Shipping is 48€ for each package of 6 pieces.
Bulk Shippment in 1,2m x 0,6m x 0,6m packages.

To hang them from the ceiling, which would improve the deep frequency absorption, I would recommend to use thin Nylon strips and
Put then trough the isobond panels with a needle. We have hooks here in a local superstore if you should have problems to source them I can include them for some €. They are not so expensive here. Between 20-40 cents I think
I can also look for a nylon strip if you wish.

Best

Aaron

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PostPosted: Wed Sep 23, 2020 11:38 pm 
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Thank you Dan, that is really really helpful!

I'm going to look into IsoBond and will report back here when there's anything new to report (might take a little while since we're busy working on new songs instead of working on the room for a change).

Cheers,
Lukas


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PostPosted: Wed Sep 30, 2020 6:00 am 
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As I mentioned in the original post, one of our aspects is to keep the costs down that we can keep down without screwing things up too much. So here's a thought that just came into my mind:

The reason we're looking into acoustic foam ceiling tiles like Isobond is mainly because the cardboard tiles might be too reflective and prevent frequencies from entering the layer of absorbtion we're planning on installing above the suspended ceiling anyway, right?

So why not just make ceiling tiles out of rockwool and nicely wrap those in fabric?
I just did a test piece and the 100mm rockwool is well able to support it's own weight and an additional layer of rockwool on top of it, so we'd end up with 20 to 30cm of rockwool on the entire ceiling surface. This could actually save us a LOT of dough.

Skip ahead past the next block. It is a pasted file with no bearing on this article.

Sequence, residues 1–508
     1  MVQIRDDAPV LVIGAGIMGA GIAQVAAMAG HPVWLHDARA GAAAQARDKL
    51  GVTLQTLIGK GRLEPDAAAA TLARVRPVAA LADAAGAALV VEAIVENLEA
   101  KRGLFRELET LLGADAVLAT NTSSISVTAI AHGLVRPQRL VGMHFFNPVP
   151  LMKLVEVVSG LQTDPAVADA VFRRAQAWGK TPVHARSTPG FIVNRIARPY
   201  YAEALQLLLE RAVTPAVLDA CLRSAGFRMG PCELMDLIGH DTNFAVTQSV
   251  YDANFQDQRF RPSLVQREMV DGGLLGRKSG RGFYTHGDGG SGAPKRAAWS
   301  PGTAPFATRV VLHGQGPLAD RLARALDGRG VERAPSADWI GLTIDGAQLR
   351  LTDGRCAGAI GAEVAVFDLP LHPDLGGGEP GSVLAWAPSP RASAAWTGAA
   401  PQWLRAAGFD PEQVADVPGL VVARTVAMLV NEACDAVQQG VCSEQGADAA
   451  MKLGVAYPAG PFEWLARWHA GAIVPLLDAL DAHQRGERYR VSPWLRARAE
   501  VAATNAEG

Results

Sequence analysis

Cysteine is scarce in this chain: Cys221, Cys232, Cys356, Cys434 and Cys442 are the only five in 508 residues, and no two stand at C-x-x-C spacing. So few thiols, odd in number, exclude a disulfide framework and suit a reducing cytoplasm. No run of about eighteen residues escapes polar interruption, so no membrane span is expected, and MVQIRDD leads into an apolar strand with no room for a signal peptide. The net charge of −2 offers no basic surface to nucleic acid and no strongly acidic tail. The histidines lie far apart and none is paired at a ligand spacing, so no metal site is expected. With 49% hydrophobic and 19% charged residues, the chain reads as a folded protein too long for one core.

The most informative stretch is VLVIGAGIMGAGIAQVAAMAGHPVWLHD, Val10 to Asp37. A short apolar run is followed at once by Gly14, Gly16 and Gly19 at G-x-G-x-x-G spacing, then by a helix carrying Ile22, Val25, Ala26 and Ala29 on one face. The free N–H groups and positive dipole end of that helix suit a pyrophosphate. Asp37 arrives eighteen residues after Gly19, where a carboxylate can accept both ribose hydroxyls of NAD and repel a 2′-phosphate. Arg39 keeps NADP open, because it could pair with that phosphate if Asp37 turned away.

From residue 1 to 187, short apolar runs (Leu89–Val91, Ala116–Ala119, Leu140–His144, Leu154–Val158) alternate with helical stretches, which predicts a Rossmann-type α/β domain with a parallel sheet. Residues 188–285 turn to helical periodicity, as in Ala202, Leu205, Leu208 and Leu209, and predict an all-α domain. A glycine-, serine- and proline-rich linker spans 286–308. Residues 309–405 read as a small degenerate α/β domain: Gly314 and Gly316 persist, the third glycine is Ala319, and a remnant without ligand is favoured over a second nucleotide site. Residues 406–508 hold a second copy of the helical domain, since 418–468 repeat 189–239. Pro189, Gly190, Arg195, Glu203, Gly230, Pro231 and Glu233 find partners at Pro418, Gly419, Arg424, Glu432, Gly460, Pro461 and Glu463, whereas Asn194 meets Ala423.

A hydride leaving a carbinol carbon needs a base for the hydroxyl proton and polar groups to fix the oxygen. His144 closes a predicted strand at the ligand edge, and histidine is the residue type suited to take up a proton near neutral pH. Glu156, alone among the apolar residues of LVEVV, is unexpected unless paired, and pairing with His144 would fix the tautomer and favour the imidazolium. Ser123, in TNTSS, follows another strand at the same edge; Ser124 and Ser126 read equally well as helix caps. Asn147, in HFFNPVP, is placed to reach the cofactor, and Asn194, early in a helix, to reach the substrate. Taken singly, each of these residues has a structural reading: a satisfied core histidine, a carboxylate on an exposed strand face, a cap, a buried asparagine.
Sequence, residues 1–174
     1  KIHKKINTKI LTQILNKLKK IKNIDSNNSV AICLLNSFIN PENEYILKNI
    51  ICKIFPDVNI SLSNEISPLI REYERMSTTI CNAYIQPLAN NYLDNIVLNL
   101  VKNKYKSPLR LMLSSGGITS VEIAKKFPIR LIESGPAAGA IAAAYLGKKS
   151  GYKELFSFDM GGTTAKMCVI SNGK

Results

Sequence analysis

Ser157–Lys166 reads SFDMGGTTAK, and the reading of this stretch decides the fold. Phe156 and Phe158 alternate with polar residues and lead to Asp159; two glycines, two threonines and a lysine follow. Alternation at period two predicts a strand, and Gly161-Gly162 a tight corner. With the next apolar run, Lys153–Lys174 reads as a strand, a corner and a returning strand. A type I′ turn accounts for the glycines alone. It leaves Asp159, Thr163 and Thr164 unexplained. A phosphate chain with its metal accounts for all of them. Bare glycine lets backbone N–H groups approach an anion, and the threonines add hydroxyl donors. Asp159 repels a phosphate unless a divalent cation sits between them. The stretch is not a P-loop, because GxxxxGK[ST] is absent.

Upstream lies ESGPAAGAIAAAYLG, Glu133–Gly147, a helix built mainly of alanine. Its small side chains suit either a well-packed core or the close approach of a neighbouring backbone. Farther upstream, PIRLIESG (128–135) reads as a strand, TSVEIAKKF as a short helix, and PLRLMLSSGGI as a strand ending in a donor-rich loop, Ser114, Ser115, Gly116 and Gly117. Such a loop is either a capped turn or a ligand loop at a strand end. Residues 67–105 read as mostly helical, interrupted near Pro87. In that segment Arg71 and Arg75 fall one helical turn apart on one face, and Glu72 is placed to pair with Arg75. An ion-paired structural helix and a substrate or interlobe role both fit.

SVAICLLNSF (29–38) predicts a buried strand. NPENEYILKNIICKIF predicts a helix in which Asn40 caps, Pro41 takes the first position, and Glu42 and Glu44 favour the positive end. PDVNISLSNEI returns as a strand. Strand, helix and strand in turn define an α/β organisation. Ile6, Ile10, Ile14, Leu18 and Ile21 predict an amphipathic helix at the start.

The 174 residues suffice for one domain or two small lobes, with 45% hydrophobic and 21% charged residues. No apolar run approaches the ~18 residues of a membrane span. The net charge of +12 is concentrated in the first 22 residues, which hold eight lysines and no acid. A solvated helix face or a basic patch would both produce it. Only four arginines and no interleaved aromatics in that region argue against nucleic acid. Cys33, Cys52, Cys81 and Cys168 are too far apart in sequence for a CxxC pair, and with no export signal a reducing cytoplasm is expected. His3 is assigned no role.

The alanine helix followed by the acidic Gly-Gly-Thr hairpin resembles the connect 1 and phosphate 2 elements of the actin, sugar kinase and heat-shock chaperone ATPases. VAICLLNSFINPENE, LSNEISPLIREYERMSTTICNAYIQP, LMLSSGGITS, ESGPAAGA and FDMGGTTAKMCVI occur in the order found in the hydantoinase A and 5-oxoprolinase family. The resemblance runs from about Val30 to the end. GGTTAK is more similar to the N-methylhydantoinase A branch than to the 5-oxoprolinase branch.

Is there anything i'm missing?

Simply replacing all the tiles with 100mm Isobond is not an option because unfortunately it looks like that's well above what we can afford right now.


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PostPosted: Sat Oct 03, 2020 2:27 am 
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You can certainly use dense semi rigid rock or glass fibre as ceiling tiles. Realtraps sell 100KG glass fibre with a sort of felt facing built in. No wrapping needed.
Since you plan to put a light density fill above the tiles, why not use much thinner cheaper ones? I have an Autex Ceiling tile here, 30mm, certainly rigid enough to hold a layer of fluffy fibre above it. It has a reinforced sort of felt face built in.

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PostPosted: Sat Oct 03, 2020 3:28 am 
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Well, that's basically because every single solution i've found so far is a lot more expensive compared to the rockwool.
Plus most of the suggested brands are kind of hard to find here in germany (or cost an additional fortune in shipping).

In a german acoustics forum i've seen a professional studio builder measure all sorts of different fibres and he basically came to the conclusion that a thick layer of lower flow resistance materials (like rockwool sonorock) doesn't really differ much from a thinner layer of higher density material with a higher flow resistance in the overall absorbtion effectiveness. So since we've easily got the space above our suspended ceiling, doing the entire thing in sonorock seems like the best bang-for-the-buck solution to me right now.